Archive for the ‘Publicity’ Category

‘Chill and Charge’ creating brand awareness at festivals through digital media…

Wednesday, February 15th, 2012

Festival Brand Awareness - Marketing CommunicationsReflecting on the success of brand promotions such as the Orange ‘Chill and Charge’ campaign at Glastonbury last year, Marketing Week released a report this week on how brands can get the most out of festival sponsorship.  The Orange brand had a tent that enabled festival attendees to charge their phone at festivals, ingenious idea from the phone brand.  Glastonbury will be back in 2013, enough time for the brand to create an exciting campaign for the event…

An increasing number of brands that are not associated with music including Persil, Timberland, and Dairylea are using festivals as a channel to spread their brand messages.  Organisations are taking this method of marketing seriously by preparing in advance and building this activity into their strategy in order to get deals signed with popular festivals across the country.  How are brands making the most of festivals as a method for effective brand promotion…?

Digital media is becoming more prominent in the lead-up to and aftermath of festivals and is an excellent opportunity for marketers to promote their products and create brand awareness in advance.  Cheese brand Dairylea had huge success from Camp Bestival last summer with their Twitter and Facebook campaigns.  The festival is known as the family festival of the year and Dairylea seized the opportunity to promote the brand through a family photo shoot competition on Facebook leading up to the event.

Festival Brand Awareness - Marketing CommunicationsIt is important to remember that consumers now expect more from brands; Marketing Week revealed that those brands that can add a new dimension to promotion at festivals will be more likely to see a return on their experiential investment.  We look forward to seeing more innovative activity from your favourite cheese makers at this year’s festivals.

 

Frocktober is the new October…!

Friday, September 30th, 2011

Frocktober - Cancer Research - Breast Cancer AwarenessIntroducing …‘FROCKTOBER’…! -If you haven’t already heard about it then get on board now! Cancer Research are launching the campaign in time for October, new name: Frocktober, as a way of getting the public to host glamorous events to get dressed up for.  Participants in these events are then encouraged to donate just £5.  This is a development from the ‘Movember’ fundraising campaign which focuses on raising money for men’s health and prostate cancer, by getting men to grow moustaches.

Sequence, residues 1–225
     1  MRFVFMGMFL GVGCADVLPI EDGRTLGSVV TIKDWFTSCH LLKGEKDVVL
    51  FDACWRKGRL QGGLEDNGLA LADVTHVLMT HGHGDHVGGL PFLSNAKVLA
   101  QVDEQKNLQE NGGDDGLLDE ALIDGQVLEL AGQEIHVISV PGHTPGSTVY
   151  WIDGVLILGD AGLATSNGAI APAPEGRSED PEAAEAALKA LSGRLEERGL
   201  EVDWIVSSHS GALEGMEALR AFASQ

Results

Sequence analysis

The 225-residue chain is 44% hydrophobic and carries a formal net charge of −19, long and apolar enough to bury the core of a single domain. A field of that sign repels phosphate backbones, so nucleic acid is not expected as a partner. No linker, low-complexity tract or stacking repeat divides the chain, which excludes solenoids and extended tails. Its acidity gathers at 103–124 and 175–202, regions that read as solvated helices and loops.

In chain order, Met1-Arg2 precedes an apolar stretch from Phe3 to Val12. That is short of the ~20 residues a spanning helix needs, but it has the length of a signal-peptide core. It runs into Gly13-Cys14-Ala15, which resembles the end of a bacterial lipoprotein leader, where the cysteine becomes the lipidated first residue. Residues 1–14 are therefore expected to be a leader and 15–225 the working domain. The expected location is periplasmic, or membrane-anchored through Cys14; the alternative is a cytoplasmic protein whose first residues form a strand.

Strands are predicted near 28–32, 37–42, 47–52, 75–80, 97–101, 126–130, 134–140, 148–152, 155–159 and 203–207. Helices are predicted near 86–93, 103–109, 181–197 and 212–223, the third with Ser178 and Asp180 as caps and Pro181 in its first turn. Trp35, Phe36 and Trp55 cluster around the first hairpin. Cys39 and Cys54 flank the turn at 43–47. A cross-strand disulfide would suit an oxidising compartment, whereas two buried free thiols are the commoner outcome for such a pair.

Cancer Research UK are looking to branch out to the female population with yet another revolutionary fundraising idea that not only raises money, but gets women feeling good about themselves.  According to Marketing Week, the campaign will involve the charity sending “handbag” packs to participants hosting the events which will include advice about what kind of event to host and posters to help promote the events etc…

With a view to increasing awareness, Cancer Research UK will continue to promote events through social media sites such as Facebook. The campaign homepage has already generated $8,145.00 worth of funds, and with the integration of Facebook this will dramatically increase as we approach October.

Community driven fundraising is becoming increasingly apparent with charities.  We discussed the partnership between M&S and Oxfam last month.  Oxfam’s more recent strategy to steer away from traditional advertising campaigns, include partnerships with university RAG (Raise and Give) groups.  The objective here is to get students to travel around four European cities whilst completing different challenges in order to raise money.

To find out more and order your pack today, please visit http://www.facebook.com/.

Is all publicity good publicity?

Thursday, June 9th, 2011

Ryanair have been known to push the boundaries in order to lower air fares and to gain publicity (remember ‘a pound to spend a penny’). Ryanair CEO Michael O’Leary has used controversial ideas regularly over the years as publicity stunts, and I think it’s fair to say that it works! Everyone in the country seems to have an opinion on Ryanair and the way it tries to reduce air fares.

A court case involving a popstar (Chris de Burgh) and his model daughter (Rosanna Davison) came to light, in which Chris de Burgh threatened to sue Ryanair over a press release which branded his daughter a racist.  This all started with Rosanna Davison taking offense over the Ryanair 2009 Charity Stewardess calendar, in which there were no Irish staff.

In the press release Ryanair stated: “Ryanair today hit back at comments made by Irish glamour model Rosanna Davison in relation to the absence of Irish cabin crew from Ryanair’s 2009 charity calendar, which ‘bordered on racism and demonstrated an elitist attitude against Ryanair’s international cabin crew’.”

As this case draws to a close with Ms Davison being awarded £70,000, will Ryanair continue thinking that ‘all publicity is good publicity’?

Marketing Communications: A Brand Narrative Approach discusses publicity:

“Publicity is marketing communications that is initiated by the company, but reaches the target audience through another medium and therefore is not perceived by the target audience as being generated by the sender.” (page 403)

Due to the low costs of publicity we can see why businesses would like to use this type of Public Relations.